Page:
SoftBank is a Japanese telecommunications and Internet company with operations spanning broadband, fixed-line telecommunications, e-commerce, the Internet, finance, media and marketing, and other businesses. In October 2012, Softbank said it would pay US$20.1 billion to buy 70 per cent of US telecom Sprint Nextel in the biggest ever offshore acquisition by a Japanese company.



US national-security clearance of Softbank-Sprint deal hits Huawei

PUBLISHED : Friday, 31 May, 2013, 12:00am
UPDATED : Friday, 31 May, 2013, 4:54am

The US national security clearance of SoftBank Corp's US$20.1 billion acquisition of Sprint Nextel Corp imposes the first restrictions on a third-party supplier over claims of Chinese spying.

Tokyo-based SoftBank and Sprint on Wednesday said they had been notified their proposed deal was cleared by the US Committee on Foreign Investment, an interagency group that vets non-US acquisitions.

The deal needs one more US regulatory clearance.

The companies earlier gave assurances they would limit use of telecommunications equipment made by Huawei Technologies, named in a congressional report as a cybersecurity risk to US companies because of ties to the Chinese military.

SoftBank and Sprint, as a condition of the security clearance, agreed the US could compel Sprint to remove "certain equipment" and approve future vendors, according to a filing by Sprint.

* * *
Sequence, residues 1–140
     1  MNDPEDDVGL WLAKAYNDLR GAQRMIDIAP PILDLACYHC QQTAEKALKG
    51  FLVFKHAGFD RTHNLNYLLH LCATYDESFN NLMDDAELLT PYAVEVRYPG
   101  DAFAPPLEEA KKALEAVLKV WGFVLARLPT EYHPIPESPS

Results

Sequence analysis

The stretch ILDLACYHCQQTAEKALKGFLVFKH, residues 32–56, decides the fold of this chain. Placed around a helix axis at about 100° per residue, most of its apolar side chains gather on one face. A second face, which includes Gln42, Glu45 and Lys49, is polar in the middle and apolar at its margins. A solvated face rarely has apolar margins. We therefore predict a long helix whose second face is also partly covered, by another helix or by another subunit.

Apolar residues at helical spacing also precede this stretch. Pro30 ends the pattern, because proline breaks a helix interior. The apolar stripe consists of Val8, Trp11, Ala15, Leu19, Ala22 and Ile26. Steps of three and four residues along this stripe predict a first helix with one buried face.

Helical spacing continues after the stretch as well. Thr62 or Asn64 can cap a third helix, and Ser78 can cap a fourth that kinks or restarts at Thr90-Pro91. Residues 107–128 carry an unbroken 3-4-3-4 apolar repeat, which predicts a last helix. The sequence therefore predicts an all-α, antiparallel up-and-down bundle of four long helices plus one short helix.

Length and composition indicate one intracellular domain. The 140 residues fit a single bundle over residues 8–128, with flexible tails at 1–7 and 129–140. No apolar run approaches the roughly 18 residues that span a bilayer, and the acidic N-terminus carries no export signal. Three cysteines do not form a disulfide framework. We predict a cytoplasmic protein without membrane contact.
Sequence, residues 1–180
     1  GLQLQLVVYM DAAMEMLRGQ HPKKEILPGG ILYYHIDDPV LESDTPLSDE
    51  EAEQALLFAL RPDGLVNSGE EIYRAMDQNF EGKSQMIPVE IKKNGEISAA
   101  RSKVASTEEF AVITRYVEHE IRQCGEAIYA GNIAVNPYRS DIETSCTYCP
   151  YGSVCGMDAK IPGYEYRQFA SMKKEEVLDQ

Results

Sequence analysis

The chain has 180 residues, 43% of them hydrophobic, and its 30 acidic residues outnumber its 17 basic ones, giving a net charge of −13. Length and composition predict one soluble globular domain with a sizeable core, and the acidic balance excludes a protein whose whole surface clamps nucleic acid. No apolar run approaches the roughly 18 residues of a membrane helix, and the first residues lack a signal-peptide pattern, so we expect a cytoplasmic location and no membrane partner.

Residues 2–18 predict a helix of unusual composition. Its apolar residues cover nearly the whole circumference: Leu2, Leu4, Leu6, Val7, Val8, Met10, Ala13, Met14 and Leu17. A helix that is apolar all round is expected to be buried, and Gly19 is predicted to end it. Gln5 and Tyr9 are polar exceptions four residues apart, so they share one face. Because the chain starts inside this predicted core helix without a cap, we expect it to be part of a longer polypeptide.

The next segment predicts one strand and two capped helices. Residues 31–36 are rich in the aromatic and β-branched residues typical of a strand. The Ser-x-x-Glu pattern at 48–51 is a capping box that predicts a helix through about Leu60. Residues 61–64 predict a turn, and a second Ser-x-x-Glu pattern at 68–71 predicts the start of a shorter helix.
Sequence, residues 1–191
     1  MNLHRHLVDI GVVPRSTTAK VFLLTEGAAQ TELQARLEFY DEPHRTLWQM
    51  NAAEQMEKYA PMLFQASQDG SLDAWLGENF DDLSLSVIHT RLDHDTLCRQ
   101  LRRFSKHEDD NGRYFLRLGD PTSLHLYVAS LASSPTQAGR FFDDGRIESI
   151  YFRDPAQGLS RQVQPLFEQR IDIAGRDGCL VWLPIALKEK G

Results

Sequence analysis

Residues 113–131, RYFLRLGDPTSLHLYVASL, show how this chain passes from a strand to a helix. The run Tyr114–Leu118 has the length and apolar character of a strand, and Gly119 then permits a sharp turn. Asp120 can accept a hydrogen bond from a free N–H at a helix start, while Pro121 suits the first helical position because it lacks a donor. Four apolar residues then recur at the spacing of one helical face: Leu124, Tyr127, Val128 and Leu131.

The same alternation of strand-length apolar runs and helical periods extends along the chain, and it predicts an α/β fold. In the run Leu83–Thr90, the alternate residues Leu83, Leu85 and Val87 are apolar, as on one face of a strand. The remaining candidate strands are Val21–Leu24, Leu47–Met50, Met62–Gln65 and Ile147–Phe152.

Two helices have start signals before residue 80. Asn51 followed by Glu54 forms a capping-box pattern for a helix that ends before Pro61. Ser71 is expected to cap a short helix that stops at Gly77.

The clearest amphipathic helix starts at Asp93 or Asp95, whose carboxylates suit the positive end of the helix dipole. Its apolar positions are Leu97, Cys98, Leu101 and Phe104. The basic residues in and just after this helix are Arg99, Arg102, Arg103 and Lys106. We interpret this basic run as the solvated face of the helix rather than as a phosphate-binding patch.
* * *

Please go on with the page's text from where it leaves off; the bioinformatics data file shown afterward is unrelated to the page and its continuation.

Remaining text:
Huawei and ZTE Corp, China's largest phone-equipment makers, have disputed allegations in an October report by the House Intelligence Committee that their expansion may boost US exposure to cyberattacks and spying.

President Barack Obama plans to discuss cybersecurity when he meets President Xi Jinping on June 7 and 8 in California.

Japanese mobile carrier SoftBank and Sprint's wireless partner, Clearwire Corp, use Huawei equipment, which includes base stations, servers, routers and switches.

SoftBank and Sprint have said they will not integrate Huawei equipment, according to Mike Rogers, the chairman of the House Intelligence Committee.

The panel's report in October recommended that US companies doing business with Huawei and ZTE find another vendor.

"It sets a precedent," said Darrell West of Brookings Institution, a Washington-based policy group. "Once you've established these rules for one business, they may try and do that elsewhere."


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